Many of us use cloud services like Box, Dropbox, Google Drive, and OneDrive to store our files and to share them with colleagues or friends. But, do you sometimes get a little nervous knowing that your files are out in the open, susceptible to evildoers searching for security vulnerabilities so they can pilfer confidential info?
File-sharing services like the aforementioned have some level of native security built into them, but it’s not enough to fully protect your data once it’s been shared. That’s why digital rights management (DRM) solutions are so important to maintain that balance between information sharing and security. On one hand, you need to share information to do your job and collaborate with others, but on the other hand, you have to be wary of the inherent risks associated with cloud content-sharing services.
Cloud is sexy but comes with pitfalls
Stolen passwords, account takeovers, insiders with malicious intent, and just plain carelessness are part of the equation when it comes to cloud applications and security breaches. With the dispersed nature of cloud computing and the proliferation of various device types, it becomes incredibly difficult to manage digital rights when there are so many vectors for bad actors to get at your sensitive data.
All good things start with authorization
The success of a data protection program often hinges on a well-designed strategy, seamless rollout, and rigorous monitoring and enforcement. Case in point: the role of dynamic authorization.
For those unfamiliar with the term, it’s often the backbone of the most effective DRM solutions out there. Before you even reach the stage of assigning digital rights to specific files, you would be wise to first use dynamic authorization to determine in real-time whether someone even gets to access a document stored in, say, Box. User and environmental attributes such as group, department, device type, IP address, and many other factors, provide the granularity and context needed to determine if someone should have access to a particular file.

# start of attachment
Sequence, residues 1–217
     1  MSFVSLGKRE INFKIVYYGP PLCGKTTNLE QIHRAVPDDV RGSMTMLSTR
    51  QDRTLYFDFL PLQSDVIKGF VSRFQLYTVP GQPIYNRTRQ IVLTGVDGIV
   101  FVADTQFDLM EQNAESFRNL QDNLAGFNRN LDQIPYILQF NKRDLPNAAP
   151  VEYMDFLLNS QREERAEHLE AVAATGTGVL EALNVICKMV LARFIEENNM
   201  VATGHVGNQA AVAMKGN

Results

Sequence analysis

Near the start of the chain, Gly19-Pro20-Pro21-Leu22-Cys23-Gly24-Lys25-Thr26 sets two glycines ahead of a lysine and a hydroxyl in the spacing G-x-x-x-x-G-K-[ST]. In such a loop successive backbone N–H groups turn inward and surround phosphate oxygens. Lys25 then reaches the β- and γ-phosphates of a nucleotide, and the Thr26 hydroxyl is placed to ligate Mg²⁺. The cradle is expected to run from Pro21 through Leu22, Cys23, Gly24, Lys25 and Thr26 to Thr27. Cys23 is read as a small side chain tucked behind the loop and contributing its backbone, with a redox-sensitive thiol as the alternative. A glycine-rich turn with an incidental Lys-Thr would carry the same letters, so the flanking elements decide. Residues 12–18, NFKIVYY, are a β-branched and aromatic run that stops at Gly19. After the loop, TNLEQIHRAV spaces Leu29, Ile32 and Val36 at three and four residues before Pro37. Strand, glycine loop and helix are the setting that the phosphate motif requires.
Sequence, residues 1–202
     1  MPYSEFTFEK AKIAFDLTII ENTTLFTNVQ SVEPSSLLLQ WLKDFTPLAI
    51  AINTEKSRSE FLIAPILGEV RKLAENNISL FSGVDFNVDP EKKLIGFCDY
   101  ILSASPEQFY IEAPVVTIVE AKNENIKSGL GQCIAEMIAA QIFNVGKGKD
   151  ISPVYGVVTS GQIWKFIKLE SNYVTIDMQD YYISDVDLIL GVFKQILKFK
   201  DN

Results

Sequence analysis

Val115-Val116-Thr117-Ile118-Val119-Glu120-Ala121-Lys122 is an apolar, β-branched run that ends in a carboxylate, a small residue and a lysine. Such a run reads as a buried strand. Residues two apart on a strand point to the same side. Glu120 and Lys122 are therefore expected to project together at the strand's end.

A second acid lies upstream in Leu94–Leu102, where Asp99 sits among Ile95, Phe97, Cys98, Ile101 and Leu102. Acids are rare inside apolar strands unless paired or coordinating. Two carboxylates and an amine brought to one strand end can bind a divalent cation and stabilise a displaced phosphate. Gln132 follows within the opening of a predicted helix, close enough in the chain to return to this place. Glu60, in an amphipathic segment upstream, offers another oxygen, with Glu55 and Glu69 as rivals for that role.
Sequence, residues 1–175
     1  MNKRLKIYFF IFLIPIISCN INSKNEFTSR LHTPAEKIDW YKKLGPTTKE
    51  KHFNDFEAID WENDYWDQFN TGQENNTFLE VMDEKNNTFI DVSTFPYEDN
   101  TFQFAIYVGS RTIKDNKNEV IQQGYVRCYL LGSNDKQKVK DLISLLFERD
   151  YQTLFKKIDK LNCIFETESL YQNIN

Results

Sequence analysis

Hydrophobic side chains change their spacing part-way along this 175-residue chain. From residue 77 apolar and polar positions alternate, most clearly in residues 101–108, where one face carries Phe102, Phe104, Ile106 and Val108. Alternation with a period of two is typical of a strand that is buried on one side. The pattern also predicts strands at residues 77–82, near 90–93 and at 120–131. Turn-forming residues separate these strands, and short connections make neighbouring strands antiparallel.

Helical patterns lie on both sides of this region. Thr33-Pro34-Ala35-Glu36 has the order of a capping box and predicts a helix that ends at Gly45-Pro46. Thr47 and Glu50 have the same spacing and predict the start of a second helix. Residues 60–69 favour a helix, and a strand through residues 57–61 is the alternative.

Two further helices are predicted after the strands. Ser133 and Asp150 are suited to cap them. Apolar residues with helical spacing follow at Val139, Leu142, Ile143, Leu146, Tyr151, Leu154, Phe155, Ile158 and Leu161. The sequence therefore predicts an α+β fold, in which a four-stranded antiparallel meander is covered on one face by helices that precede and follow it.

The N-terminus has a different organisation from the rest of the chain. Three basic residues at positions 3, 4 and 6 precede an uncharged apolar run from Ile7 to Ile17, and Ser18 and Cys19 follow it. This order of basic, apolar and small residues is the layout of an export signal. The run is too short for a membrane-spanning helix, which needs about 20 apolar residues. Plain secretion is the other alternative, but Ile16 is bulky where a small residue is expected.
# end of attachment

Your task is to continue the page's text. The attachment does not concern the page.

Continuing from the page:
Hello, encryption . . .
Once authorization has occurred, the next step is to apply automated rights protection. This is where encryption comes into play. You can apply digital rights to the files being shared and can control what exact usage permissions the recipient gets to have. Functions such as Read, Edit, Print, Display Watermark, Download, and Setting Expiration Dates are all possible with DRM solutions. These rights stay with the file regardless of where those files are located – they could be inside or outside your network or in the cloud.
Ultimately, DRM coupled with dynamic authorization substantially augments the native security of file-sharing services, essentially extending data protection outside the corporate network, even if those files end up in unmanaged (e.g., BYOD) devices.
Follow the file . . .
With rights following the files no matter where the latter goes, it becomes much easier to share files with peace of mind. This persistent data protection works across multi-tier supply chains, supporting the delegation and tracking of additional sharing (i.e., the original recipient of the file shares it with others). At the end of the day, you’re essentially protecting your data as it makes its way across multiple repositories and devices.
Cross your T’s and dot your I’s
You obviously want to keep track of where your data is. A key feature of any DRM system is the ability to monitor document usage irrespective of the file’s location or the device from where it was accessed. You want to be able to record any unauthorized access attempts as a checkbox item for an effective data governance program. Of course, you should have the ability to add or remove recipients easily, too. Many regulations today (HIPAA, SOX, GDPR are a few that come to mind) have specific requirements around data access. Having a single pane of glass across all your sharing and monitoring activities makes auditing for compliance purposes that much easier.
On-prem needs some love, too
Sometimes it’s easy to forget good ol’ fashioned on-premises repositories. They’re not quite dead yet in this day of cloud this and cloud that. Until we reach the point where every single company’s IT systems are completely cloud, a DRM strategy should encompass both on-prem and cloud repositories. For instance, popular Product Lifecycle Management (PLM) systems like Siemens Teamcenter still have vast installed bases that are deployed on-prem. It’s not unusual for large enterprises to have a mix of on-prem and cloud repositories for their sensitive data.
For a restful night’s sleep . . .
Solutions exist today that can address all of the above challenges. If your interest is piqued and you need some more info, check out an easy read on digital rights management and tell us what you think.